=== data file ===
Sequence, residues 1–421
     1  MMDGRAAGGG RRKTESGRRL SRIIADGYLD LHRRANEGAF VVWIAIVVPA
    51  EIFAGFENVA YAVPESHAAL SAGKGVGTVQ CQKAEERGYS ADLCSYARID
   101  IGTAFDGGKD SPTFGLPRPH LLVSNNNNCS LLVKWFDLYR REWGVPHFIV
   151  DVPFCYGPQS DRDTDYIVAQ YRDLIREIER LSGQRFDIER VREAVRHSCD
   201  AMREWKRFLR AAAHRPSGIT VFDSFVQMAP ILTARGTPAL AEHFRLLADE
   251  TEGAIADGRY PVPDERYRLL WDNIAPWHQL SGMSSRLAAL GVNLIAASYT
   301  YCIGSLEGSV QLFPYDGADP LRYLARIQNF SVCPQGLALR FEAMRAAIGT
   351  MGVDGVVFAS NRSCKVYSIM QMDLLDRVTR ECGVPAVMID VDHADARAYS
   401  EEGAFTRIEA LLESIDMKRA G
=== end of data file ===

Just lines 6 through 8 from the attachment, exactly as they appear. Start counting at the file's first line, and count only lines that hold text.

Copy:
   201  AMREWKRFLR AAAHRPSGIT VFDSFVQMAP ILTARGTPAL AEHFRLLADE
   251  TEGAIADGRY PVPDERYRLL WDNIAPWHQL SGMSSRLAAL GVNLIAASYT
   301  YCIGSLEGSV QLFPYDGADP LRYLARIQNF SVCPQGLALR FEAMRAAIGT